The small number of clinicians involved in providing some specialised services can lead to a conflict of interest, a patient group has warned.

The Gender Identity Research and Education Society, which shares concerns about the lack of patient engagement in the development of specifications for specialised services, claims there is an “inherent conflict of interest in having clinicians write their own service specifications”.

Gender dysphoria services, which range from initial counselling and hormone therapy to transition surgery, are provided at just seven centres around the country. A handful of surgeons carry out transition surgery.

Society trustee Terry Reed told HSJ patients and stakeholders had been under-represented on clinical reference groups and the practice of holding meetings by conference call rather than face to face had made it more difficult for those involved to get their voices heard.

The society claims patient voice has been ignored on the issue of “challenge”, a concept in gender dysphoria care that requires clinicians to challenge individuals if they are not living as their identified gender full time while waiting for treatment. In practice the society claims this leads to patients feeling pressured to make life changes they may not be ready for.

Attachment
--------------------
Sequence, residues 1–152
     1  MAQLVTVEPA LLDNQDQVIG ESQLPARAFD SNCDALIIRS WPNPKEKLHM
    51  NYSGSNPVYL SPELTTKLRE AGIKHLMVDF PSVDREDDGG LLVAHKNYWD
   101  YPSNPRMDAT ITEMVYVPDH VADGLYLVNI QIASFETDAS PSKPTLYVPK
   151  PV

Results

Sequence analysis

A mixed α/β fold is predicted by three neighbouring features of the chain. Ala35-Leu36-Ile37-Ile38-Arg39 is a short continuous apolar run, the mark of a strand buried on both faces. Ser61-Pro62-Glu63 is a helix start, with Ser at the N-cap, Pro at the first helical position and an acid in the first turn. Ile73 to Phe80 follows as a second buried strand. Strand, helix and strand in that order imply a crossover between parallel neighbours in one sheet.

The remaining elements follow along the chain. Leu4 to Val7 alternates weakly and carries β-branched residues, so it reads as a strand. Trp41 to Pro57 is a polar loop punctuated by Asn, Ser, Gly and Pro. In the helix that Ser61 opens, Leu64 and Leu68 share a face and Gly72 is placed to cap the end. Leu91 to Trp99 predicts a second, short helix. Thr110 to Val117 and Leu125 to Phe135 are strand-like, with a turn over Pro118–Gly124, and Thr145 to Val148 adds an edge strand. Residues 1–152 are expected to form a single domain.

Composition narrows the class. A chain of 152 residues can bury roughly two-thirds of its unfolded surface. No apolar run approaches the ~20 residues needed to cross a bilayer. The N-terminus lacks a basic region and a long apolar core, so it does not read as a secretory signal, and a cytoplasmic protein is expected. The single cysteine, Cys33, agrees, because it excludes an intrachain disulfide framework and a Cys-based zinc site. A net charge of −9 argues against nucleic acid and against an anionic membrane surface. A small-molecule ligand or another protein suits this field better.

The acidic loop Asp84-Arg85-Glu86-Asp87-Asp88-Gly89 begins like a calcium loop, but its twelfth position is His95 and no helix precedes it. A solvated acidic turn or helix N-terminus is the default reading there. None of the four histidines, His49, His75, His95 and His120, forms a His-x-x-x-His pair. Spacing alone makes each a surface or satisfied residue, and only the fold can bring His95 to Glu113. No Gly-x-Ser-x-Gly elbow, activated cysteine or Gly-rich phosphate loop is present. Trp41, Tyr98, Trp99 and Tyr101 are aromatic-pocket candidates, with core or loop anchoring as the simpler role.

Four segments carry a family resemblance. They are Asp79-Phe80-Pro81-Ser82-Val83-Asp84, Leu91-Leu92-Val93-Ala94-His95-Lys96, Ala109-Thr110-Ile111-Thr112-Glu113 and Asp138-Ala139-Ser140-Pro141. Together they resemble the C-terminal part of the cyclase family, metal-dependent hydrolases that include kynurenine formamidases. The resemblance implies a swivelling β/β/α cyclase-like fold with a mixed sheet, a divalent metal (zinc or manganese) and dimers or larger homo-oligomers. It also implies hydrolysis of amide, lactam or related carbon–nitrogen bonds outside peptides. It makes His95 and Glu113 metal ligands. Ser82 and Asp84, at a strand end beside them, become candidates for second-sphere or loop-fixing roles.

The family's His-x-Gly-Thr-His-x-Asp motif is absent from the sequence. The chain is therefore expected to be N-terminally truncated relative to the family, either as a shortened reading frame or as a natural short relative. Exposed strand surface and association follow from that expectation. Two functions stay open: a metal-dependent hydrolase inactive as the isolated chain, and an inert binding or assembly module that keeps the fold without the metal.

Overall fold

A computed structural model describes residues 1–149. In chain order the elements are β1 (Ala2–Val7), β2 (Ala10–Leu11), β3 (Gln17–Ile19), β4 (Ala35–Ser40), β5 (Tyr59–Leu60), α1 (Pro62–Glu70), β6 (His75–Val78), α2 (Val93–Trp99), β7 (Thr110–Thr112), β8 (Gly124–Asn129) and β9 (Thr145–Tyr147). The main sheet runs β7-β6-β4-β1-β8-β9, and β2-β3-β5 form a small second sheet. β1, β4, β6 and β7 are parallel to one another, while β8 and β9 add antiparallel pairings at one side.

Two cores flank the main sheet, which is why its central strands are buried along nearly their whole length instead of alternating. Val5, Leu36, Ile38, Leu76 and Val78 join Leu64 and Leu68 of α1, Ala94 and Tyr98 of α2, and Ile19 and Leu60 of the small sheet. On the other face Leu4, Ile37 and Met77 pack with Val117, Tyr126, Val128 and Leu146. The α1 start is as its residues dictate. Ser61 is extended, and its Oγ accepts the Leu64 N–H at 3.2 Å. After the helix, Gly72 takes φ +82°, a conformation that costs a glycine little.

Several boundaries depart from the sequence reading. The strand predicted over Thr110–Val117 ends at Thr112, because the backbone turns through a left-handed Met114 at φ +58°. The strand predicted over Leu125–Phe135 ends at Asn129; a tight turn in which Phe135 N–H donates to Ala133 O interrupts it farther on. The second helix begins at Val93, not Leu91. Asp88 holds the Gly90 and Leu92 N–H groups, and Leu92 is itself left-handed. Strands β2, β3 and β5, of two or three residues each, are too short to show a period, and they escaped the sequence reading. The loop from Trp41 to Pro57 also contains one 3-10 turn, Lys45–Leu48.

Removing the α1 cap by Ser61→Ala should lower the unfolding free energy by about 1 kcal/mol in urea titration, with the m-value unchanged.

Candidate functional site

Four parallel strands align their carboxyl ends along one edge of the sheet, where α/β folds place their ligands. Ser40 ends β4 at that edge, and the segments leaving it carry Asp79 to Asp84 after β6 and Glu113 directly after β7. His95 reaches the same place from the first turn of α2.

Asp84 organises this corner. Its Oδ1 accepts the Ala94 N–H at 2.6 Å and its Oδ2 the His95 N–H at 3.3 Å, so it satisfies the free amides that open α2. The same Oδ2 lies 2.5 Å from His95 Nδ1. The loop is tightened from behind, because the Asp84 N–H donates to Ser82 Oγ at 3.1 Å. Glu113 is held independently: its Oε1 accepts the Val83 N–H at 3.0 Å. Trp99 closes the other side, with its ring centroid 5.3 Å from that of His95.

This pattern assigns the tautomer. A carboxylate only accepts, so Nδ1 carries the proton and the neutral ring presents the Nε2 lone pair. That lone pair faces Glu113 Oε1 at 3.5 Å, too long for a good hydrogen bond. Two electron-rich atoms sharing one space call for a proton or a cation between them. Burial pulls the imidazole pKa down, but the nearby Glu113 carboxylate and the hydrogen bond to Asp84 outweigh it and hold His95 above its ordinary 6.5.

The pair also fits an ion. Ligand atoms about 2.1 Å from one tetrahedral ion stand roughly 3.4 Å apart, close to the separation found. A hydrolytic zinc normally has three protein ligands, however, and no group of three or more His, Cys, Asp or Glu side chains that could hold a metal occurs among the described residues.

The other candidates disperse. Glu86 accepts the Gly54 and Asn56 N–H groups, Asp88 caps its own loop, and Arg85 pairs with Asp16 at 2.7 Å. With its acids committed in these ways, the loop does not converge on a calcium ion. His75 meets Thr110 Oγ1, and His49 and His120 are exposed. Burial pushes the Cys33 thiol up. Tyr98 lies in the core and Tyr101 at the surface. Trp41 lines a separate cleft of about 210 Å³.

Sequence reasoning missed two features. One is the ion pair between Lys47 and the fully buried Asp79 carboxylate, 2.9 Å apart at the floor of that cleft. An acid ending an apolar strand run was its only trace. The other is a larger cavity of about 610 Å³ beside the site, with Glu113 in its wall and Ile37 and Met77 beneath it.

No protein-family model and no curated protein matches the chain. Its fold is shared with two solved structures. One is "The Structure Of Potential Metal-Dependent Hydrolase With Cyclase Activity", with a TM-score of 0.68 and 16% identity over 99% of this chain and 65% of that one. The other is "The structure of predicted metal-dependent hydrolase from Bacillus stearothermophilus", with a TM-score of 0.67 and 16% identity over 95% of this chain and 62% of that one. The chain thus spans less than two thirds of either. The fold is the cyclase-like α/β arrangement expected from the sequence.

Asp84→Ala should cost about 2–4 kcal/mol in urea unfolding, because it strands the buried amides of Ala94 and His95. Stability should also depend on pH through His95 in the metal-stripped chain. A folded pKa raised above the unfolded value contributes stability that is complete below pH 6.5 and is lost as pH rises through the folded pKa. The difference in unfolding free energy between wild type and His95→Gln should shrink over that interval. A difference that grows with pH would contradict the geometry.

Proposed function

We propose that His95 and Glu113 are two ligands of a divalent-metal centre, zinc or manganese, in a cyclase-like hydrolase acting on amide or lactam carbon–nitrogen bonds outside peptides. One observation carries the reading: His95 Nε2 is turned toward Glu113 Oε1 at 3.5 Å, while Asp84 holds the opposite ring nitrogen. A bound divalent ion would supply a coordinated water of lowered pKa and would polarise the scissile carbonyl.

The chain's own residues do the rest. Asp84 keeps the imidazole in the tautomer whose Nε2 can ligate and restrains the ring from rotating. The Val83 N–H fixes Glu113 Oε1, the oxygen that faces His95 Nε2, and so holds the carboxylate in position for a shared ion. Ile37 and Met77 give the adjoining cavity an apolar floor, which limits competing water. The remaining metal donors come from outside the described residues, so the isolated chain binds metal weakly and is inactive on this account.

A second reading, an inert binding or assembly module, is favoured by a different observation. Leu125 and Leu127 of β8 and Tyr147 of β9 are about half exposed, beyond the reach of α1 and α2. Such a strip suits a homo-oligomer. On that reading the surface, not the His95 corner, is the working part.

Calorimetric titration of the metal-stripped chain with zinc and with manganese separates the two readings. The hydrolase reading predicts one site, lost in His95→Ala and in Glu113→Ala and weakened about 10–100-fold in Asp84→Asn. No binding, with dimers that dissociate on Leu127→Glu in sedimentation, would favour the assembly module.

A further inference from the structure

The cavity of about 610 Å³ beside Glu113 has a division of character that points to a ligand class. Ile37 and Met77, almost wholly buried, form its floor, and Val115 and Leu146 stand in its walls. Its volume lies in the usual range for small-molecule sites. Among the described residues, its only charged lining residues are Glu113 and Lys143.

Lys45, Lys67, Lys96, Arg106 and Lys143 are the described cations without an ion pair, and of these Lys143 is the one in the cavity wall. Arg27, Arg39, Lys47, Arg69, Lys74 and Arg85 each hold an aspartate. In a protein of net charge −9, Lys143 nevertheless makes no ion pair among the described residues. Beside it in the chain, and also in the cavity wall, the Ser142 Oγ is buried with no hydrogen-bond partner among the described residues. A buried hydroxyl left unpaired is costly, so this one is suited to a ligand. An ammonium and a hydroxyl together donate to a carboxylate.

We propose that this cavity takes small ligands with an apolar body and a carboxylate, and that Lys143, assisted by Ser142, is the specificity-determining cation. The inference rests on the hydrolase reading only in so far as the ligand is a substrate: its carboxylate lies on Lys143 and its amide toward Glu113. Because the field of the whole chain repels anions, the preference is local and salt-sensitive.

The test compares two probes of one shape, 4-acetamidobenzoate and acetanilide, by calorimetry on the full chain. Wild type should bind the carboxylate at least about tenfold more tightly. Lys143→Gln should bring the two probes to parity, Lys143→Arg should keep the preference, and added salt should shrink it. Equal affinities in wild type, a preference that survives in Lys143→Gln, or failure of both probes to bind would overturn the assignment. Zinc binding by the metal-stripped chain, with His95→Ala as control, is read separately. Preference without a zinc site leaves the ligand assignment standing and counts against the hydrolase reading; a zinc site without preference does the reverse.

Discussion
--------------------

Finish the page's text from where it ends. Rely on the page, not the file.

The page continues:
The gender dysphoria specifications use guidance from the World Professional Association for Transgender Health which has been superseded by a newer version that has been in the public domain since 2011.

Mrs Reed said this had not been updated despite the society pointing it out on a number of occasions.

She added: “Commissioners are not experts but they give too much weight to clinicians and not enough to patients.”

The specification has flagged up as a footnote the release of new guidance which it says the commissioning board must look at at “the earliest opportunity”.

National Voices director of policy Don Redding said the potentially insular nature of some specialised services meant it was important specifications were properly scrutinised.  

He said: “What you’re talking about is a very small world of clinicians, often consultants, who specialise in that particular type of treatment and they tend to know each other and either get on or don’t get on.

“For these reasons it will be important that transitional arrangements are replaced with something that can satisfy all sides as being best practice.”